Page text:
Canning Stock Route Day 5 - Rest Day at Well 6 (Pierre Spring)

Monday, Jul 07, 2003 at 00:00

ExplorOz - David & Michelle

When we arrived at Pierre Spring yesterday, we found a small quiet group of 3 vehicles already camped and looking as though they had been there a few days. They came and made themselves be known as ExplorOz users - Northern Territory travellers Kevin and Wendy Pritchard, Craig Cousins, Derek James and Karen Corkill and we later had a pre-dinner drink with them while our roast was cooking. (They were still travelling on NT time however and were nearly ready for bed!).

This morning we decided to climb the Ingebong Hills (not Ningebong as written in the Gard's book) and then see if we could find the actual spring feeding Well 6. Before we had set off however, a convoy of vehicles passed right through the camp, barely stopping to look at the site. We then drove off in their path to the north expecting to meet up with them at Ingebong, but they hadn't stopped there either.

4.2km from Well 6 is the signed turnoff on the LHS to Ingebong Hills, with a turnaround bay to leave your vehicle at the base of the walk path. Initially, the path heads straight up towards a small overhang containing some messy aboriginal rock paintings. By skirting the base of the rocks around to the left there are some better paintings before the track (undefined) leads up a loose and rocky ascent. Once on top of the main ridge, the surface of the Ingebong Hills is a series of folded layers of sandstone. There is a small cairn and stick at the summit and the views are worthwhile. It isn't overly scenic, with just the faint hills of and Mt Davis to the north-east. The rest appears flat and featureless and you can hardly believe that the magnificent eucalypts at Pierre Springs are tucked away down there just 4km away. What amazed me the most was that we could hear a vehicle approaching on the track below but couldn't see it or the track at all. From this perspective you start to realise the remoteness of your location, with the CSR track so insignificant amongst the vegetation of the vast countryside stretched out below.

Leah successfully made it to the top with a little help from adult shoulders but she appears keen to walk and has proper boots with good grip that she is learning to trust. She's a tough kid and even though she has a bout of the flu with a terrible runny nose, she is keeping up fine. I have noticed that she isn't drinking as much milk as usual and her appetite has been a bit slow, but that can happen with 2 - 3 year olds at any time.

At the bottom of the hills, the approaching vehicle we'd seen from our vantage point at the top of the hill was parked beside our vehicle and the two male occupants started walking towards us. It turns out that they are attempting to organise a Canning Stock Route Re-enactment (like the Year of the Outback Cattle Drive) for 2006 to mark the 100th Birthday of the CSR and are out this year to survey the route for themselves and to gauge local response to the concept. They gave us a Press Release and spent considerable time discussing promotions and possible use of ExplorOz. They had already met with the Halls Creek Shire Council and were on their way to a council meeting in Wiluna, which was already indicating support for the idea. Our biggest concerns were their requirements for stock watering points and their suggestions that clubs and interested bodies should be working to restore as many wells as possible prior to the event. I was under the impression that no restorations were to take place without the approval of the West Australian Heritage Council and that DOLA had made a recent recommendation in an internal report (which we were recently given by the authors) that no more wells were to be considered for restoration works. But Ken Morris, the organiser of the event seemed sure he had all bases covered and that the Australia-wide interest in the event would bring many positive results for the region. This proposed event sparked lots of conversation that continued all along the track for the remainder of our trip.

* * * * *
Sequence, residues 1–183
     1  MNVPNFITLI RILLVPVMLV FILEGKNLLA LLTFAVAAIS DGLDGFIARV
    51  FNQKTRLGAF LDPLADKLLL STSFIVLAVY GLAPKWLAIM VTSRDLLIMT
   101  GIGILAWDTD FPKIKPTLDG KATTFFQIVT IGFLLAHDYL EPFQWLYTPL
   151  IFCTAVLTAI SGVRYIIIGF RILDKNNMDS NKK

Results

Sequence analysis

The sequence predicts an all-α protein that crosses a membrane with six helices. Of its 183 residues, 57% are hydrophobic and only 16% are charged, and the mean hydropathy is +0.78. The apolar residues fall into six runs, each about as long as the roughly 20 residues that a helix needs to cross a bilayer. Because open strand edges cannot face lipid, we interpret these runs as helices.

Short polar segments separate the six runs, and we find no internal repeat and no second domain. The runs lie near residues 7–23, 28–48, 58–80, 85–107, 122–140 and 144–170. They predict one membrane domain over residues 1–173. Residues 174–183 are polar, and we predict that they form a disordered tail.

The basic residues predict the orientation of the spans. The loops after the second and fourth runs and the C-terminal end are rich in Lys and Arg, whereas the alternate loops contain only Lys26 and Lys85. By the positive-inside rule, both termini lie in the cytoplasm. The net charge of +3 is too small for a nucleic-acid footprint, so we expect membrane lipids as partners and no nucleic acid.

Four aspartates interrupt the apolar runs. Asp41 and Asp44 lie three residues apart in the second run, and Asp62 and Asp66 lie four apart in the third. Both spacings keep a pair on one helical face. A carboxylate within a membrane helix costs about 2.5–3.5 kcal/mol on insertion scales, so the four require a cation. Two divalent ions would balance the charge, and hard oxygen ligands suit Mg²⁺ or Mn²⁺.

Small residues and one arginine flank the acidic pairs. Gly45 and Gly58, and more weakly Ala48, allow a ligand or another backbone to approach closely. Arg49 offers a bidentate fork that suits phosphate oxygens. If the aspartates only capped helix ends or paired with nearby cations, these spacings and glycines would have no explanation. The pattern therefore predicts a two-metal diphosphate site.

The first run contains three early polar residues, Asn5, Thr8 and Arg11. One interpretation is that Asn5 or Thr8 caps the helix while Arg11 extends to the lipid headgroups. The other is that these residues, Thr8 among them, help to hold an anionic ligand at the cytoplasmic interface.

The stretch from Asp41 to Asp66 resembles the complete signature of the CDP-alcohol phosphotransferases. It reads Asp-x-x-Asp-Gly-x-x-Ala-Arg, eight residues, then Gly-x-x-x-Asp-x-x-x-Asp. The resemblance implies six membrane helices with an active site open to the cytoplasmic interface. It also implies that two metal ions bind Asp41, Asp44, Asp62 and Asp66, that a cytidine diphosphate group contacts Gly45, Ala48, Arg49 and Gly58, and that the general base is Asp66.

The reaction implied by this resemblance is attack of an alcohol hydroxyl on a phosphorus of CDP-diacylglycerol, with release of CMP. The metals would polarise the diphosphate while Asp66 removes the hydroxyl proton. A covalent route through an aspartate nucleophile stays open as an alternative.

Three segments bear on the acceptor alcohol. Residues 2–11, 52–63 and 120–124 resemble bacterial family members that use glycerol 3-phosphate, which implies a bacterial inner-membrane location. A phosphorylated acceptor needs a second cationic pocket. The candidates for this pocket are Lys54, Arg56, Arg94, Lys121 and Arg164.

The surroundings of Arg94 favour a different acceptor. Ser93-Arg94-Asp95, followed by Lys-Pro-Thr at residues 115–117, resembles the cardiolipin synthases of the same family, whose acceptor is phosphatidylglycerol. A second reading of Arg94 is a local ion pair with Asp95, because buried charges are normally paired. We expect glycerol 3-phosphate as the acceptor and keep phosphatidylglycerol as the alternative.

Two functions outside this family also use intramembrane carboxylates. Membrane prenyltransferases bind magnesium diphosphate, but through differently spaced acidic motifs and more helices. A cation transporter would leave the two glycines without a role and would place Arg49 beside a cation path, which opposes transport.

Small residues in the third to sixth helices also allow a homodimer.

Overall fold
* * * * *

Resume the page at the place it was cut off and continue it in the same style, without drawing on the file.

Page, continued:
On our return to camp, we had our meat-salad lunch and then continued off on another walk to find the site of the original spring on which Well 6 was located. Although the spring was silted up after a cyclone in the mid 1960s, there is a lone paperbark tree 250m south of Well 6 in a silted up creek bed meeting the original descriptions. We have taken a marker for the "spring" and will investigate further.

Back at camp, a group of 3 vehicles had arrived, all with Toodyay and Northam licence plates. Leah noticed there were kids amongst the group and I had to assist with introductions, however they also turned out to be ExplorOz users and we'd even had email correspondence in the lead up to this trip. One vehicle in their party (the Toodyay 4WD Club) was experiencing a fair bit of fuel trouble, to the point that fuel wasn't getting through the lines to the engine and a make-shift arrangement had been used - a jerry can with a hose directly feeding fuel into the engine.

Every "mechanic" in the camp ground had a look at the vehicle but no fix or solution to the problem could be found so the jerry can continued to be the only way they could get fuel to the engine. We offered another piece of hose to enable a return line to take excess back to the jerry can and they seemed happy to continue with their north bound trip the next day.
David (DM) & Michelle (MM)
Always working not enough travelling!
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